Make your Canadian Mortgage Tax Deductible

The Smith Manoeuvre – A Wealth Strategy (Part 1)

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Make your Canadian Mortgage Tax Deductible

Have you guys heard of the Smith Manoeuvre (SM)?  For those who don’t know what it is, it’s a Canadian wealth strategy to structure your mortgage so that it’s tax deductible.  Our U.S. neighbors already get the luxury of claiming their mortgage interest and now there is a way for us Canadians to do the same.

There’s a tax rule in Canada where if you borrow money to invest in an income producing investment (like a dividend paying stock or investment property), you can deduct the annual interest paid on the investment loan from your income tax.  Kinda wordy I know, in layman’s terms, if you get a loan with x amount of interest / year, you can claim that x interest during income tax season if you use the loan towards stocks or rental properties.  If you’re still confused, please read on below where I will eventually explain everything step by step.

So, who came up with this idea and how does this apply to making a mortgage tax deductible?   Mr. Fraser Smith has all the answers and he has written a book on the topic which explains how to do this properly.  To summarize the Smith Manoeuvre in a nutshell, it’s where you borrow against the equity in your home, invest it in income producing entities, and use the tax return to further pay down the mortgage.  Repeat until your mortgage is completely paid off leaving you with a large portfolio and an investment loan.  Voila! Your mortgage is now an investment loan which is tax deductible and hopefully, your portfolio is larger than your loan.

While I have a tendency to optimize, here is a is a slightly modified version of the Smith Manoeuvre (SM):

1. Sell all existing stock from non-registered investment accounts and use it towards a down payment for step 2.

2. Obtain a readvanceable mortgage.  This is a mortgage that has 2 entities, the home equity line of credit (HELOC) and the regular mortgage.  Nothing unique about this setup EXCEPT that as you pay down the mortgage, the credit limit on the HELOC increases.  This is a key feature that is needed when implementing the SM.  Note that you usually require at least 25% 20% equity/down payment before you can obtain a readvanceable mortgage.  Some financial institutions that offer these mortgages are:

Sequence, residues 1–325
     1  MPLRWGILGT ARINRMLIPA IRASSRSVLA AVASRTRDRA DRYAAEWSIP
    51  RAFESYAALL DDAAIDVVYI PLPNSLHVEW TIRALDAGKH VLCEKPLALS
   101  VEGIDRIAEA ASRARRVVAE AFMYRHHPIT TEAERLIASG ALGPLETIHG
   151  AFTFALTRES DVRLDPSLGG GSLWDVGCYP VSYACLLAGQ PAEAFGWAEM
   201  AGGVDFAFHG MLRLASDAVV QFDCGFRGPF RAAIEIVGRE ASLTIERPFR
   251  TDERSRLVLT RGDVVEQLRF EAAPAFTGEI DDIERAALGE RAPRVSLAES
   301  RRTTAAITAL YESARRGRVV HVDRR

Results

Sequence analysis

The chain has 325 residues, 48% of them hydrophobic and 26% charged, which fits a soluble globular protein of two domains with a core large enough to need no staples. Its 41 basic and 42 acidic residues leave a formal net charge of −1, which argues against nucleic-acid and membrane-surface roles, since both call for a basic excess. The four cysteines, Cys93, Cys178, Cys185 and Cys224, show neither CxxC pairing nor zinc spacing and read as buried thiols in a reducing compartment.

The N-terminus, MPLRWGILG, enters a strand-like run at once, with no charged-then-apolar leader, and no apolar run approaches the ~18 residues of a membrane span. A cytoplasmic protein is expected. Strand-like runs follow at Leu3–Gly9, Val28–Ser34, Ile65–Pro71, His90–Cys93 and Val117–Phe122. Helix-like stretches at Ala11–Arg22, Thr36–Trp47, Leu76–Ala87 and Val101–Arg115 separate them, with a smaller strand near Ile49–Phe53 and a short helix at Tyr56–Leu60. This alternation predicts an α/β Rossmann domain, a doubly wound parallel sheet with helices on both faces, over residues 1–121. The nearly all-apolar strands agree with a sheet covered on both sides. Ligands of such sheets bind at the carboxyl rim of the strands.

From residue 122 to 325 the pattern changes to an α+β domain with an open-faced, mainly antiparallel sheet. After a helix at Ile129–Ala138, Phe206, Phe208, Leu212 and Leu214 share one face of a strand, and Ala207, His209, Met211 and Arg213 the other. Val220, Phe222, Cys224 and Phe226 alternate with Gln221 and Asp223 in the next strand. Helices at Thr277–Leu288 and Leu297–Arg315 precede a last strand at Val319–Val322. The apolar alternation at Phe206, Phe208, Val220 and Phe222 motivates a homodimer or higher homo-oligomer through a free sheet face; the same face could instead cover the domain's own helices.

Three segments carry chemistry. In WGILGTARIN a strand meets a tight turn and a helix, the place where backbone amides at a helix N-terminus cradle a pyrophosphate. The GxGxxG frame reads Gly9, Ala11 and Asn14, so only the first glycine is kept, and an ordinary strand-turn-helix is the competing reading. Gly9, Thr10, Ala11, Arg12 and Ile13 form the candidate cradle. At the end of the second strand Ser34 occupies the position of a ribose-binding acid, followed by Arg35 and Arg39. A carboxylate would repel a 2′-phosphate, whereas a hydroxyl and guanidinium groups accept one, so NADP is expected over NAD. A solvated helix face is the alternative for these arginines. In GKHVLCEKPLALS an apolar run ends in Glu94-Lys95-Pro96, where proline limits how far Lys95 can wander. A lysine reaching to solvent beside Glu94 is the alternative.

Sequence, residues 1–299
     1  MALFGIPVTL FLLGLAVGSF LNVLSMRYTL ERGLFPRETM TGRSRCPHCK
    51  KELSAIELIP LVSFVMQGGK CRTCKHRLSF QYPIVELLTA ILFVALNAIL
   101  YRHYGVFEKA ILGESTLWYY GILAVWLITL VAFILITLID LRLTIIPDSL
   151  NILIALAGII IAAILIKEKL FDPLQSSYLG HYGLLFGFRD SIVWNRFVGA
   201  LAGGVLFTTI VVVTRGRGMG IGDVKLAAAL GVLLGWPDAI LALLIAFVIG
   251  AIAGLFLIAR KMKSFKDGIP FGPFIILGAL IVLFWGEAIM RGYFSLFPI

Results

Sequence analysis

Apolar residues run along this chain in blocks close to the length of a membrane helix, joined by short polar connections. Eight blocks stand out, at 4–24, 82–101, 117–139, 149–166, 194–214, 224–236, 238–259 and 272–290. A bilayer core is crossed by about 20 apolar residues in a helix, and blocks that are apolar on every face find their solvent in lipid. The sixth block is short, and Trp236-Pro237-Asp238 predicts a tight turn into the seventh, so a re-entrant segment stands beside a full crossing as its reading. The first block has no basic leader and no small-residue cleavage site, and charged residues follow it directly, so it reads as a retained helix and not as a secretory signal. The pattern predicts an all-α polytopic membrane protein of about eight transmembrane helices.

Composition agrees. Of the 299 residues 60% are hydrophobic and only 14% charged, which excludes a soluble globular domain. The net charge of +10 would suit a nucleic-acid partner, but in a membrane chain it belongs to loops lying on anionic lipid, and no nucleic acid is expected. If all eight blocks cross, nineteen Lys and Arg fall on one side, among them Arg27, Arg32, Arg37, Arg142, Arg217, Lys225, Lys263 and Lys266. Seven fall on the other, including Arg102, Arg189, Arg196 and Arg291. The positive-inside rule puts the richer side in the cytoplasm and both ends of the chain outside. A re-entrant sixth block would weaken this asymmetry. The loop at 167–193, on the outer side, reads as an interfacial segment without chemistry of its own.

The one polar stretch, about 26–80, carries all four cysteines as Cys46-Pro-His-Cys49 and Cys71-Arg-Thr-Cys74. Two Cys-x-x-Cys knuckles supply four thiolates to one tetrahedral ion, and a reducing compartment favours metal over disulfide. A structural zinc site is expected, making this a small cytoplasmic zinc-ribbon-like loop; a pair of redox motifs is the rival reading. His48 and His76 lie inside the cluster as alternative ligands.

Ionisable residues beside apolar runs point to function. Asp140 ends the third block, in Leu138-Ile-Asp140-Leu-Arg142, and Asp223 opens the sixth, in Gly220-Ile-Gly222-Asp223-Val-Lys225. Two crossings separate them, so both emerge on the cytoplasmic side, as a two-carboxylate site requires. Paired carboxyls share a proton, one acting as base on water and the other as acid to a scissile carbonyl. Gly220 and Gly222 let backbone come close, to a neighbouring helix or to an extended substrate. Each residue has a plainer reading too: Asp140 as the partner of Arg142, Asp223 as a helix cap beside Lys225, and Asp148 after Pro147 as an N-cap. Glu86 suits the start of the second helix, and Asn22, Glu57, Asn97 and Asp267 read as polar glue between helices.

• RBC – The Homeline Mortgage
  • Firstline – The Matrix Mortgage
  • Manulife – ManulifeONE Mortgage (read my Manulife One Review)
  • BMO – Readiline Mortgage (this is the SM mortgage that I have, email me if you want a referral)
  • For a complete list, check out The Smith Manouevre Resource.  Included within the post are mortgage reviews, calculators, taxation issues and strategies related to the SM.

3. Use the HELOC portion of your mortgage to invest in income producing entities like dividend paying stocks or rental property.  With every mortgage payment, your HELOC limit will increase.  So with every regular mortgage payment, you will invest the new money in your HELOC.  Note that you SHOULD NOT use the HELOC money to invest in your RRSP as you will lose the tax deduction on the invested money.  If you don’t already have an investment account, here is a review of the more popular discount brokerages available in Canada.

4. When tax season hits, deduct the annual amount of interest that you paid on your HELOC against your income.  So, if you paid $6,000 in interest payments for the year and you have marginal tax rate of 40%, you will get back ~$2,400 of it.

5. Apply the tax return and investment income (dividends etc) against your non-deductible mortgage and invest the new money that’s now in your HELOC.

6. Repeat steps 3-5 until your non-deductible mortgage is paid off.

As you can see, this process will pay down your regular mortgage in a hurry.

The Advantages:

  • You get to build a large investment portfolio without waiting to pay off your mortgage first (the power of compounding).
  • You get to pay down your non-deductible mortgage in a hurry.
  • Your new investment loan is tax deductible.

The Downside:

  • You need to be comfortable with LEVERAGE and investing in general.
  • You need a plan ‘B’ in the case that you need to move and home values have gone down.  If you invested properly, your portfolio should at LEAST cover your loan.
  • Your mortgage is NEVER paid off where you keep the tax-deductible loan (this can be   a good thing).

In part 2 of this series, I will talk more about general questions regarding the Smith Manoeuvre.  Like, making the extra HELOC interest payment IN ADDITION TO the regular mortgage, different investment options, and ways to optimize the SM even further.

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